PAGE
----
The head of the Drug Enforcement Administration defended herself on Tuesday against charges by skeptical members of Congress that the DEA dealt overly lax punishments to agents who participated in “sex parties” with prostitutes in Colombia.
At a hearing held by the House Committee on Oversight and Government Reform, DEA Administrator Michele Leonhart also admitted that “a number” of agents who were involved in prostitution were promoted between the time the incidents occurred and the time they were fully investigated. None of the DEA employees involved were fired.
The DEA “sex parties” were revealed in a report that was released last month by the Department of Justice’s Office of the Inspector General. The IG report addressed the handling of allegations of sexual harassment and misconduct at a number of federal law enforcement agencies that fall under DOJ’s umbrella.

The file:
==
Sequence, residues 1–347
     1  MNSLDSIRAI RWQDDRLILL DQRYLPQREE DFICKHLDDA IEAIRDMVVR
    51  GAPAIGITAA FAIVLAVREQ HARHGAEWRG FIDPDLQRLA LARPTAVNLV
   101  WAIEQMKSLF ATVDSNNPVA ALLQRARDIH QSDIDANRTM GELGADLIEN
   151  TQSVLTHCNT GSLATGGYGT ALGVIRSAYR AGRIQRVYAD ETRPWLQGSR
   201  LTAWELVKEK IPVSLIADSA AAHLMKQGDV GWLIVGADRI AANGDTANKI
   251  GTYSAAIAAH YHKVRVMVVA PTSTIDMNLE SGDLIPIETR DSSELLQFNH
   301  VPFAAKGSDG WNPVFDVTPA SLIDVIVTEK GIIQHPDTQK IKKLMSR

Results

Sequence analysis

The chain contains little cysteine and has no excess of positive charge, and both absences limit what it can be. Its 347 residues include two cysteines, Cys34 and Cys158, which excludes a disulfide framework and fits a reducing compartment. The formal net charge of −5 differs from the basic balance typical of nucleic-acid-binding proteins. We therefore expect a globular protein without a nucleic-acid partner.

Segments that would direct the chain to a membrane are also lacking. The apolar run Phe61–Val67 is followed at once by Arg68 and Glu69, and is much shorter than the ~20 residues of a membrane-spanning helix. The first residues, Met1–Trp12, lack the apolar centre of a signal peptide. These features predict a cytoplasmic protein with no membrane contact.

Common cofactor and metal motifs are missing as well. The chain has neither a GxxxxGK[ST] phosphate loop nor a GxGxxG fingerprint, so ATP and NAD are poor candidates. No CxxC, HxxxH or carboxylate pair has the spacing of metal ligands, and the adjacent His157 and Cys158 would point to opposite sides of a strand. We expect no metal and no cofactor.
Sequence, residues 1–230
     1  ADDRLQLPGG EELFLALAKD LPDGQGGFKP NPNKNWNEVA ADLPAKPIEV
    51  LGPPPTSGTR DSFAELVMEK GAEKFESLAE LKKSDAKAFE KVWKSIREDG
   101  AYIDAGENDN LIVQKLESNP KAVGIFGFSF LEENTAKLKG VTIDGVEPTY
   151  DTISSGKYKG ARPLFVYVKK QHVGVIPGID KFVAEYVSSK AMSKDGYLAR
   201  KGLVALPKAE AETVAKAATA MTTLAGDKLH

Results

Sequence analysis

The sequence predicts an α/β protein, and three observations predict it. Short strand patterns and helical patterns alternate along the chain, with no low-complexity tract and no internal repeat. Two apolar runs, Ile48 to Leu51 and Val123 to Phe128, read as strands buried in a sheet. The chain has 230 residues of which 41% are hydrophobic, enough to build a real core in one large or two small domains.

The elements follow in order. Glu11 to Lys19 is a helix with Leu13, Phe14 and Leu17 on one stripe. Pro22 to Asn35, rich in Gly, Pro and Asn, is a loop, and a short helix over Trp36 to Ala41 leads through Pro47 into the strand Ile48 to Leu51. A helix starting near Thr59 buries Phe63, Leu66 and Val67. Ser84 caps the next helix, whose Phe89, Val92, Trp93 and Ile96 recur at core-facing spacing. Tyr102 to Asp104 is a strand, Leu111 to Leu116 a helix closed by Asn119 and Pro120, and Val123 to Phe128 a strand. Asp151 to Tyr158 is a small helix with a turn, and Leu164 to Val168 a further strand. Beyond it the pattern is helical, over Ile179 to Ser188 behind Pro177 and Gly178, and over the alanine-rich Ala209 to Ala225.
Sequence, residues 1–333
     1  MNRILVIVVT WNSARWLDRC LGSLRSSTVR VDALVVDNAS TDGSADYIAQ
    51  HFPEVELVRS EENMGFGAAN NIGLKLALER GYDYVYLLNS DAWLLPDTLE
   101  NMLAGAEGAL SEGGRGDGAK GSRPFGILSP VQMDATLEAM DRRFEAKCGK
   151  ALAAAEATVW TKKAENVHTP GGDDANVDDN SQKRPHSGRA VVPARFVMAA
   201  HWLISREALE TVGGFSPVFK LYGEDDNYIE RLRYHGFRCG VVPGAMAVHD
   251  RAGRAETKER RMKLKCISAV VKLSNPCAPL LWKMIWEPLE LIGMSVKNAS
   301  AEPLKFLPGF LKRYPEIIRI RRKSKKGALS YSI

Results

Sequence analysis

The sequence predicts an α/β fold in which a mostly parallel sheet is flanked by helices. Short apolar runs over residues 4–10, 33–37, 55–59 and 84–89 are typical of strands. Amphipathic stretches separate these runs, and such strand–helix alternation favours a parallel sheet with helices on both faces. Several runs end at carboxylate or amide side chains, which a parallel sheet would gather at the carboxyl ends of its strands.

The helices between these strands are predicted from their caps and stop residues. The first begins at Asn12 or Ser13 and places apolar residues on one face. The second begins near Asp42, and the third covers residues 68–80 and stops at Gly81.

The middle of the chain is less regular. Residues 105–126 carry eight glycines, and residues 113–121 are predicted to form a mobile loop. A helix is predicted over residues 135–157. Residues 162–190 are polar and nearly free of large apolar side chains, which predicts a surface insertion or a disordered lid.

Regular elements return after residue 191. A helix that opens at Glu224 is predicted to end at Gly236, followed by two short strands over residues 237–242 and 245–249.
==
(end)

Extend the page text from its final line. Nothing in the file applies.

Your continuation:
One of the agents involved retired, while seven others were suspended for periods ranging from one to 10 days, according to internal DEA reports recently turned over to committee investigators. Two other DEA employees received letters of caution.
The reports showed that the allegations about the “sex parties” in Colombia dated back to 2001. One cooperator told investigators he recalled getting prostitutes for at least 15 to 20 parties for DEA agents, and said that he would “stay at the party and provide protection for the agents weapons and personal belongings.”
An agent admitted that he engaged in prostitution and held at least two parties at his residence at which prostitutes were present, according to the documents. He also said that certain parties were “possibly” funded by operational funds. Another agent told investigators that “if an agent stated he did not know if the dancers/strippers who attended parties were prostitutes; they would be lying.”
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